Discussion in 'Politics and Debate' started by mcpon14, Jan 19, 2018.
To me, revelation and testimony are useless, because they cannot be verified. If some god were to give me a revelation, I would not expect anyone else to accept my claim of revelation, because they would be unable to verify my claim.
My point is; where does this divine authority come from? If it's from a book then you're not a skeptic. It can only come in contact directly with your mind untainted by the flaw of your perceptions. In other words, most Christians are not skeptic because they're no schizophrenic.
The real world can't be verified, it can only be falsified. Thus I reject the absolutism of deductive logic when it comes to the real world. 1+1=2 does not exist in the real world.
I would say that outside of mathematics, there are no absolute truths. However, the theory of evolution has stood the test of time, and has overwhelming evidence in its support, so I take it to be a fact.
Language is absolute and since math is a language, it is then absolute.
But your mind can deceive you.
Only if you doubt, this is Descartes 101.
You cannot be deceived if you do not doubt.
Do you subscribe to Descartes, like Christians subscribe to the Bible, lol?
No. Like I said before, I reject rationalism.
But this sounds like rationalism devoid of empiricism.
How do you come to conclusions?
How do you do that?
My point is that various religious people see certain people or beings as divine authority for various reasons. You would have to go ask them what those reasons are. Again, religious skepticism is just as valid as any other kind of skepticism.
So you're saying the divine authority comes from other humans then?
Religious skepticism is just people playing their religion's set of rules, not by the set of rules that the universe works by such as gravity for example and by facts. It's like playing a game, you're going to play by the rules but those rules aren't the rules of the universe that scientists base their discoveries upon.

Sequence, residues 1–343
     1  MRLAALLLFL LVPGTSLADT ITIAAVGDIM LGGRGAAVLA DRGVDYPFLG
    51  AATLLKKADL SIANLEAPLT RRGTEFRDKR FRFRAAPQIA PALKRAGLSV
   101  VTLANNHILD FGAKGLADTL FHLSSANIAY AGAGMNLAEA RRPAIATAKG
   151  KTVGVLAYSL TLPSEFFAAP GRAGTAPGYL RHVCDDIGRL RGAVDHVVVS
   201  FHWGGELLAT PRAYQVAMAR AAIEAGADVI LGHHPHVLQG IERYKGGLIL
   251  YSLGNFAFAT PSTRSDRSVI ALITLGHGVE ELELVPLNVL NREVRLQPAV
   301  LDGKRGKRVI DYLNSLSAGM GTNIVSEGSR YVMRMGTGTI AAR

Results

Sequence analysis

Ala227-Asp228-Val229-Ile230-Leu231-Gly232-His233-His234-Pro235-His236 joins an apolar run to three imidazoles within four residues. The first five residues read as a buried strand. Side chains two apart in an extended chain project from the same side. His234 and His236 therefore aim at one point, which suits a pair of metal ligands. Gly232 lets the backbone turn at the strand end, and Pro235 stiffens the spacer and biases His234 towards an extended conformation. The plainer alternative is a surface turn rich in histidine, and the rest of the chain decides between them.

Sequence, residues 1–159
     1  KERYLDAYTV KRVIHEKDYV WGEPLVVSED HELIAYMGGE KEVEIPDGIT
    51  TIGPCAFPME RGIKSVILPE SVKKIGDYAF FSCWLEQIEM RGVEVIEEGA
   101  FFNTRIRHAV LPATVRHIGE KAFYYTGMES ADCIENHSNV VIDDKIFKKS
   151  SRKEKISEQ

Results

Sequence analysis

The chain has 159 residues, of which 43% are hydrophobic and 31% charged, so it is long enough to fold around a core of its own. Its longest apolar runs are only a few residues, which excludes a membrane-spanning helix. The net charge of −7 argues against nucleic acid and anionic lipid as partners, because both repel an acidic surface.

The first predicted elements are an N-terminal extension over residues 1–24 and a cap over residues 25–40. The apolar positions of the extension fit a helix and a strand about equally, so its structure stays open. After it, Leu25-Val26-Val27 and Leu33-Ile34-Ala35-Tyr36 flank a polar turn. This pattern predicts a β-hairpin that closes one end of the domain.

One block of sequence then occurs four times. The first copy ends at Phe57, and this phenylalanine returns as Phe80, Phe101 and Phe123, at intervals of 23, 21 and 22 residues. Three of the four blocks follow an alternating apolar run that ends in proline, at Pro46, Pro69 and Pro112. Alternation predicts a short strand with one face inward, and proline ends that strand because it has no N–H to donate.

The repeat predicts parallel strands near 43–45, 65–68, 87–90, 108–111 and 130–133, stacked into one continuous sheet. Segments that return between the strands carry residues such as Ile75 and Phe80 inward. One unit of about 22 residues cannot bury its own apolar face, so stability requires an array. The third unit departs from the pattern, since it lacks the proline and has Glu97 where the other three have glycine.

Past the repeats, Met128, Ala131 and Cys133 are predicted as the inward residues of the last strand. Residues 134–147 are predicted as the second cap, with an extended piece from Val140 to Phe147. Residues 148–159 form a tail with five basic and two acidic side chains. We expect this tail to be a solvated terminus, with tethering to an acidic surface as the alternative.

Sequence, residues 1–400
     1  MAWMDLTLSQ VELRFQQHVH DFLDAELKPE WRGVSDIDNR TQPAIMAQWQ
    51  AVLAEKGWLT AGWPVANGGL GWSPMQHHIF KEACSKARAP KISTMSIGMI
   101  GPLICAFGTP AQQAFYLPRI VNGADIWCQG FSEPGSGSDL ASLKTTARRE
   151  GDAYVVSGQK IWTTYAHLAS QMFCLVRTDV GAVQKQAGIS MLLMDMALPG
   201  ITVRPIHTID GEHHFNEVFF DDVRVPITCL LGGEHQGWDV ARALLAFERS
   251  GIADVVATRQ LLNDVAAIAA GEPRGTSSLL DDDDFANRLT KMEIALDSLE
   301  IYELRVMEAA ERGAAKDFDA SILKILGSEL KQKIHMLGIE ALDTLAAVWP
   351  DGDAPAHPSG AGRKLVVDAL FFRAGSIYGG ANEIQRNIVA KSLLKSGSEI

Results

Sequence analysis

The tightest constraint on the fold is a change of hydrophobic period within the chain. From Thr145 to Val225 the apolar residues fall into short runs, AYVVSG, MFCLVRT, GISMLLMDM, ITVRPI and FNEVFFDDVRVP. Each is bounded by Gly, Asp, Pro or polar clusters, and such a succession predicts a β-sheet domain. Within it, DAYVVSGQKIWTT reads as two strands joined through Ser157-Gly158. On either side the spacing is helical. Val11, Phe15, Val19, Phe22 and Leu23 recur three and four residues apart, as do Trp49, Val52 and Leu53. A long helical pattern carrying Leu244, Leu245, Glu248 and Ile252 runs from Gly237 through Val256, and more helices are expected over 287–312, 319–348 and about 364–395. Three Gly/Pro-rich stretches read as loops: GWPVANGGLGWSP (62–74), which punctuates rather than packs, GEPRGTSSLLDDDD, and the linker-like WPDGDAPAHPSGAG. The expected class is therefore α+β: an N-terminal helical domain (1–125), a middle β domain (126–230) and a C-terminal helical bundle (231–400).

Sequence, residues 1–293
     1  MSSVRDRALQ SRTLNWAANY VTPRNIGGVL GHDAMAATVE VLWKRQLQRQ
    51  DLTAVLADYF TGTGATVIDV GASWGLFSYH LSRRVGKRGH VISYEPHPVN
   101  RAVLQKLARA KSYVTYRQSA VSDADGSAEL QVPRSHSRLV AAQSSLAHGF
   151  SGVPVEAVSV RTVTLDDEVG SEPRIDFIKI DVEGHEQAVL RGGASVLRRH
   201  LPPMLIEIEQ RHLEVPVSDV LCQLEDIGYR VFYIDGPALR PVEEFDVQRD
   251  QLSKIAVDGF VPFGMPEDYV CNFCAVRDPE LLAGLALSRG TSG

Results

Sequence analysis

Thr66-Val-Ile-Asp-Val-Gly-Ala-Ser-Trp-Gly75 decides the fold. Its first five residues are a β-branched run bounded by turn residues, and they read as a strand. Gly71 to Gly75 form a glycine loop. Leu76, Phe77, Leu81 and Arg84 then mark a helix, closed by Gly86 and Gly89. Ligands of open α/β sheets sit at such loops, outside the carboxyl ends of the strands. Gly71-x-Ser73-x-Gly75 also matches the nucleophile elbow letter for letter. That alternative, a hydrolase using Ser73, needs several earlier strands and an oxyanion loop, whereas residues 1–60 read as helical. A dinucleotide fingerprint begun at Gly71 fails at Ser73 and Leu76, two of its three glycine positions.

Sorry mcponipon but you're not going to gain any ground here, religion is a bad joke being played upon humanity by people who would control others for their own gain, and it always has been just that, a method for one to claim superiority over others via being a member of the clergy or by having read a "holy book".
It's not real. It's not real. It's not real.
Let me break this to you in simple language.
Believing alone isn't enough to be a rationalist and a skeptic at the same time. To be a rationalist, you must have a set of axioms. To be a skeptic, those axioms must survive skepticism. In order for these two to coexist, these axioms must be exclusively presence in your inner world (mind) and cannot be tainted by the flaws of the outer world (perceptions of reality).
If your axioms exist in the outer world ( a book, a person) then skepticism dictates that perception is unreliable and thus so are your book and the person you believe in.
But those axioms survive religious skepticism. They don't survive a scientific/empirical skepticism but neither does science survive religious skepticism.
All is contained within your inner world, though. All you know is your perception, your beliefs and what you rationalize. To the individual, there is no outer world.
Flaws in your perception is subjective. Anything in your perspective can be deemed flawed. And since you are espousing Descartes, then I'll use Locke: You were born as a blank slate. You don't have axioms that are exclusively present in your mind, meaning that has not been influenced by the outside world at all.
Person A claims to me that an object free to fall near the surface of the Earth (neglecting any non-conservative forces such as drag) will accelerate at about 9.8 meters per second squared. I can verify this is true by conducting experiments, which I even did in a physics lab as a student. This can be investigated by anyone.
Person B claims that some god exists. I can neither verify nor falsify this claim (or investigate it in any meaningful way), so I reject it.
Separate names with a comma.